The Georgia Senate is considering SB 313, a bill that would overrule local decision-making authority in matters of broadband. Even as connections to the Internet have become essential for communities, the Georgia Legislature is poised to make it harder for communities to get the networks they need.
Community networks spur competition -- it is why Chattanooga got Comcast's xfinity service before Atlanta, despite Atlanta having long been prioritized over Chattanooga previously. It is why Cox Cable, which is headquartered in Atlanta, launched its upgrades in Lafayette, Louisiana -- they felt the competition pressure from a community fiber network.
"The private sector is handling this exceptionally well," Rogers said. "What they don't need is for a governmental entity to come in and compete with them where these types of services already exist. We're not outlawing a local government entity from doing this, but if they're going to compete, they can play by the same rules and ask the voters if it's okay before they go out and spend all these dollars."
As for whether the private sector is providing enough competition or high enough capacity networks, I leave that to individual communities to decide.
SB 313 effectively removes such decisions from local communities. It purports to just set additional terms that the public sector must meet, but many of these terms are sufficiently onerous (especially when taken all together) that communities will not be able to build the network they need.
The bill first requires communities to ask the private sector to build the necessary network. This ignores the basic fact that community networks are operated with different incentives that privately owned networks. Due to the scarcity in the market, private providers tend to keep prices higher than necessary to maximize their short term profits. Publicly owned networks lower prices (while still paying their costs) in order to spur job creation and increase digital inclusion.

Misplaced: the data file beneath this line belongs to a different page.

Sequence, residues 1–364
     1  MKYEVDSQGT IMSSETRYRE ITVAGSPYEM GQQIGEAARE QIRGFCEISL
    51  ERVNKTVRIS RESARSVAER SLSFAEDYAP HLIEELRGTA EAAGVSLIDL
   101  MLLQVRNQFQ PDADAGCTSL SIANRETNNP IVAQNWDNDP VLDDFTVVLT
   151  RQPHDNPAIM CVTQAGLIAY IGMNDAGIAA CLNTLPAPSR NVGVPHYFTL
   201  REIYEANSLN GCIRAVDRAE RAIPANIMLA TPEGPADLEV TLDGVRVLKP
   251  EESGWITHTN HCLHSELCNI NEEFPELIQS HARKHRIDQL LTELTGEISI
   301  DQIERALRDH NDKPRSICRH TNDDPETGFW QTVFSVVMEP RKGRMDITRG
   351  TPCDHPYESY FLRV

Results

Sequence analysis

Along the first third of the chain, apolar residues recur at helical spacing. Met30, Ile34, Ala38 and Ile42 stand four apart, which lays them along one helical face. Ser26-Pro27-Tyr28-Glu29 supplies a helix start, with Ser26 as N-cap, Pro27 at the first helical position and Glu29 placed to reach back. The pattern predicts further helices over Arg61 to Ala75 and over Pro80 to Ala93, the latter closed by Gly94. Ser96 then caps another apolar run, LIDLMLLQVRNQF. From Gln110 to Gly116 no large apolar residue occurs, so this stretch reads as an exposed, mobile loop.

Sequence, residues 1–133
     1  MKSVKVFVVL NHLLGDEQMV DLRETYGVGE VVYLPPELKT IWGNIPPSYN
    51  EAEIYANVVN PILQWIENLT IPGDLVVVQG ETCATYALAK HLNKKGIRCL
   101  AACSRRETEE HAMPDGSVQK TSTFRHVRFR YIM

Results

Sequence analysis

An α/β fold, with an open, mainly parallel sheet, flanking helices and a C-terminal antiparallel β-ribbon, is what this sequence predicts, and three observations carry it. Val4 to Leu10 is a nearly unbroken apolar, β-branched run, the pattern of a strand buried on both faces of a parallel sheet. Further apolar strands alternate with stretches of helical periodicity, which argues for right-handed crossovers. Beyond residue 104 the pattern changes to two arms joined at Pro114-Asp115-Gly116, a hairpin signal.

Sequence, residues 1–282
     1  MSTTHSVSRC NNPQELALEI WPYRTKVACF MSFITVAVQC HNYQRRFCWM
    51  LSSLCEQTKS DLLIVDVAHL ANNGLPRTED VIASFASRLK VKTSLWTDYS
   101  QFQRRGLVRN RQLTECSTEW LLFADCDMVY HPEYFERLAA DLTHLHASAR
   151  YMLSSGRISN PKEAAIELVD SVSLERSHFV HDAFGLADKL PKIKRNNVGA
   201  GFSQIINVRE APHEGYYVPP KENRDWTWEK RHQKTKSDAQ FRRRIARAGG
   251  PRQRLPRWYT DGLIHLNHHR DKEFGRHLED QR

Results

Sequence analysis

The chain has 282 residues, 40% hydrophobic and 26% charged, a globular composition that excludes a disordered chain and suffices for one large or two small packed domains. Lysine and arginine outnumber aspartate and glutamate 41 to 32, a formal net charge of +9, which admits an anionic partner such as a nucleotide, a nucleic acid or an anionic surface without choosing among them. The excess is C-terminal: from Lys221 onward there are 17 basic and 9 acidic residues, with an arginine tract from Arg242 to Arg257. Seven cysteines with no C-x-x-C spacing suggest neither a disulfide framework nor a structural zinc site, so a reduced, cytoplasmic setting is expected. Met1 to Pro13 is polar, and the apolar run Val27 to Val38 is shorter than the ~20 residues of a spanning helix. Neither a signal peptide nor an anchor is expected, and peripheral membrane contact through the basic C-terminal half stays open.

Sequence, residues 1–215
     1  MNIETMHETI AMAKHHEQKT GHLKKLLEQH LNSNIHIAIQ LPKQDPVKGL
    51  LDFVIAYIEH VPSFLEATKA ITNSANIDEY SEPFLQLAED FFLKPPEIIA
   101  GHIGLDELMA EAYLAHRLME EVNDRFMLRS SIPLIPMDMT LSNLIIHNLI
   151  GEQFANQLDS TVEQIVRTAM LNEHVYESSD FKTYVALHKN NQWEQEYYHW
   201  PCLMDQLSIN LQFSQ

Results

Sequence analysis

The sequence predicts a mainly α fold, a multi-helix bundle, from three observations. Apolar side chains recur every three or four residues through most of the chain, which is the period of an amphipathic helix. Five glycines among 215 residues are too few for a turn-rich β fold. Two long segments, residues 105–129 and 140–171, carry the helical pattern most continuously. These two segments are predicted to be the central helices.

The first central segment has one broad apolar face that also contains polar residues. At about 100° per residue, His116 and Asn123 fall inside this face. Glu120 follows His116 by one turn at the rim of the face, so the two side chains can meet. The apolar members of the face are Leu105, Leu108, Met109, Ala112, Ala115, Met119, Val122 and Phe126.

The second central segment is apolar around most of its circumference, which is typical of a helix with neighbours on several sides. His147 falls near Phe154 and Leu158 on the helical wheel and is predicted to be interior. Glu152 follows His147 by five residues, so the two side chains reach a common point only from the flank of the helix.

The bill requires communities to pass a referendum before building a network and requires inaccurate, damning language be included on the ballot. Broadband referendums tend to invite deep-pocketed incumbent providers to spend heavily to buy the votes necessary to stop competition - see the Longmont saga for an excellent example of how hard it is for a community to stand up to these big cable corporations.
Communities that somehow get this far are then subject to all the regulations as are private providers in addition to numerous additional regulations imposed on them by this legislation and their inherent duty to operate in an open and transparent manner. Despite being nonprofit, they are required to pay taxes and still face additional barriers that private operators do not.
They will be restricted in how they price their services and where they offer services in ways the private sector is not.
In short, this bill will make it all but impossible for communities to build networks -- even in areas that are presently unserved. The bill purports to exempt some unserved areas, but does so in a cynically evasive way. The only way a community could meet the unserved exemption is if it vowed to only build in the least economical areas -- meaning it would have to be significantly subsidized. Serving unserved areas and breaking even financially almost always requires building a network that will also cover some areas already served (because that is where you can find the margins that will cover the losses in higher expense areas).
The bill is presently in the Senate Regulated Industries and Utilities committee. We will continue covering it and attempt to learn which interests are pushing to revoke local authority and replace it with what distant legislators think best.
The Supreme Court unanimously rejected efficiency as an excuse for industrial dictatorship when it ordered the breakup of Standard Oil despite the fact that the company had lowered the cost of a gallon of kerosene by more than half. The Supreme Court unanimously rejected the efficiency argument again in 1935 when it ruled President Roosevelt's National Industrial Recovery Act unconstitutional. In every case, the American people embraced not efficiency but freedom and moved to protect that freedom through the erection of intricate systems of checks and balances designed to scatter power.